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In Northeast, raids break the peace

By Joe Sterling, CNN
Law officers cordoned off a home in Watertown, Massachusetts, on Thursday, part of several raids in the Northeast.
Law officers cordoned off a home in Watertown, Massachusetts, on Thursday, part of several raids in the Northeast.
  • Resident of diverse, quiet Brookline, Massachusetts, surprised to see gas station raid
  • Watertown, Massachusetts, man sees 15 or 20 FBI agents lined up, guns drawn
  • Raids are related to investigation of financing of a plot to set off a car bomb in Times Square
  • Source: Locations may have been involved in transfer of money to suspect in the case

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(CNN) -- Michael Sobelman gawked in amazement as the FBI stormed a gas station in Brookline, Massachusetts, one of several Thursday morning raids in the Northeast tied to the Times Square bombing investigation.

"You'd never have thunk something like this is going on," said Sobelman, the owner of a nearby deli. "I'm shocked that it could happen in an affluent community like this."

He was one of several people in northeastern towns who watched the FBI execute search warrants related to the investigation into the financing of the plot to set off a car bomb in New York City's Times Square.

A law enforcement source said the locations may have been involved in the transfer of money to Faisal Shahzad, the suspect in the case, but there was no specific information indicating that people there knew about the plot.

Video: 'No immediate threat' in Mass.
Video: Cash couriers target of bomb probe raid
Video: Raids in Times Square terror case

Sobelman and other Brookline residents saw police swarm the area and cordon it off.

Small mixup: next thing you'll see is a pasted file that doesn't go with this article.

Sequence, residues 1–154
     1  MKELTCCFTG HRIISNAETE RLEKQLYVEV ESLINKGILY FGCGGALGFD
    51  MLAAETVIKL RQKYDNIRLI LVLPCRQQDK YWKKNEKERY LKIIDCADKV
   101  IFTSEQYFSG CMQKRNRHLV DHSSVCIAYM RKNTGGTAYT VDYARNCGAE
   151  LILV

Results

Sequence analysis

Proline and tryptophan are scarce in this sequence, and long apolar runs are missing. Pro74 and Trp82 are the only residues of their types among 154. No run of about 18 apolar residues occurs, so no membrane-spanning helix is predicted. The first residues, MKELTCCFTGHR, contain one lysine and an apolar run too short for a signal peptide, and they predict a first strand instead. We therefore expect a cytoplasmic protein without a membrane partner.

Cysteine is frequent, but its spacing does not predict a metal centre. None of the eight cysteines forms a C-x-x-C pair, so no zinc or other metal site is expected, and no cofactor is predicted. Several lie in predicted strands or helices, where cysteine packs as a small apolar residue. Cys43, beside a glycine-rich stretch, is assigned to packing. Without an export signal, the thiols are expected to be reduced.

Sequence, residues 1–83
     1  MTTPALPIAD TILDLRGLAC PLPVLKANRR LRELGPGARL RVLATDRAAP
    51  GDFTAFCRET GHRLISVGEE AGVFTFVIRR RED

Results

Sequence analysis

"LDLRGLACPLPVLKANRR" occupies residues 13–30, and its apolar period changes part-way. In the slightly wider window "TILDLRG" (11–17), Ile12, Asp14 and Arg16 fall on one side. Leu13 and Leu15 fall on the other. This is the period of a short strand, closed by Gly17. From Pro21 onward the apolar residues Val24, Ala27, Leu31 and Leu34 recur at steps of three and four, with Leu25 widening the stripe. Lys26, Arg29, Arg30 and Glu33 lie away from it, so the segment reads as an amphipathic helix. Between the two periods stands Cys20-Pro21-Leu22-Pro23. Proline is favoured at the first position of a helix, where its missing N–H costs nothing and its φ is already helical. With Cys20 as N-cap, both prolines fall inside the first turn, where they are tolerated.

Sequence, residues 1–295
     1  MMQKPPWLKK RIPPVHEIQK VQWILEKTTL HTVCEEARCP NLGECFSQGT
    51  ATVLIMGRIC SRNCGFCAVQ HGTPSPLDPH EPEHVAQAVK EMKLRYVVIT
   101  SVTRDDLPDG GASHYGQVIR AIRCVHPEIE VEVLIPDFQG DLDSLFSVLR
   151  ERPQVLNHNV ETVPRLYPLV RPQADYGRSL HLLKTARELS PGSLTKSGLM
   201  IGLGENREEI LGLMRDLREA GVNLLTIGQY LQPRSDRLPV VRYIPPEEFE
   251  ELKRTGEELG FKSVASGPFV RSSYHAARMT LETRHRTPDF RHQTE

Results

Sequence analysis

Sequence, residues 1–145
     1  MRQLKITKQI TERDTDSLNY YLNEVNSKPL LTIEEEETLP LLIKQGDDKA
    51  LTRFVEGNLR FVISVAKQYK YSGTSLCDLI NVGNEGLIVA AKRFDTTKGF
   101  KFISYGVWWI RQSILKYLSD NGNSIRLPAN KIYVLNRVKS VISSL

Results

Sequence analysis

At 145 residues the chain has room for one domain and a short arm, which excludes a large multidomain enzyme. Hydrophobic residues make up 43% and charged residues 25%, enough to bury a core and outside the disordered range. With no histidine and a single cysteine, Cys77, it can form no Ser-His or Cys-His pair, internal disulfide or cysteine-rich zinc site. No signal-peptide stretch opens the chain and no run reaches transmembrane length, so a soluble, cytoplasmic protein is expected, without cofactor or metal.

He strolled down the street from his restaurant, Michael's Deli, to check out what he said was rare commotion along the retail and commercial stretch.

Media and police packed the area as a handful of helicopters hovered over the scene. He saw the FBI remove material from the gas station, a place he's frequented for car inspections and repairs.

"You can see them taking stuff out," he said, noting that the area had been secured and that people can use the sidewalks nearby.

Sobelman said crime is "pretty low" in Brookline, a town just outside Boston with a "fantastic" police department.

He said the town is ethnically and religiously diverse, a community with many groups, including Jews, Muslims, Middle Easterners, Asians and Europeans -- and food to match, like kosher food and falafel. Several blocks away, there's a huge medical complex.

Sobelman recognized some of the people from the service station. And in the past, they have frequented his deli.

"I tip my hat to the FBI and praise them for their work and their diligence and looking behind the scenes into everything," he said.

In Watertown, Massachusetts, a man who lives near the home where a search warrant was executed told CNN affiliate WCVB that he was sitting in his living room watching television about 6 a.m. when "I heard an FBI agent scream, saying 'Don't move' or 'Put your hands up,' something like that."

Photos from Watertown showed yellow police crime scene tape around a large white Colonial-style house. The photos were taken by, a local news website.

"I thought I was dreaming, actually, because in a small town, who would think, you know, that you'd hear an FBI person?" said the man, who did not give his name.

When he looked out the window, he said, he saw 15 or 20 FBI agents lined up, with their guns pointing at the house. He said that after a few minutes, a couple of agents went inside.

"I was expecting to hear gunshots or something, you know, but there wasn't ever any gunshots," he said. The man said his wife went on the porch and videotaped the incident.

After a few minutes, agents brought a man out in shackles, put him into a car and drove away, the man said. He said he'd never seen the man before but noted that every few years, new residents move into the home.

Back in Brookline, Rosalyn Finn, a store manager, heard about the commotion down the street but didn't know exactly what happened. When she was told, she said sarcastically: "Oh, I feel so safe now."

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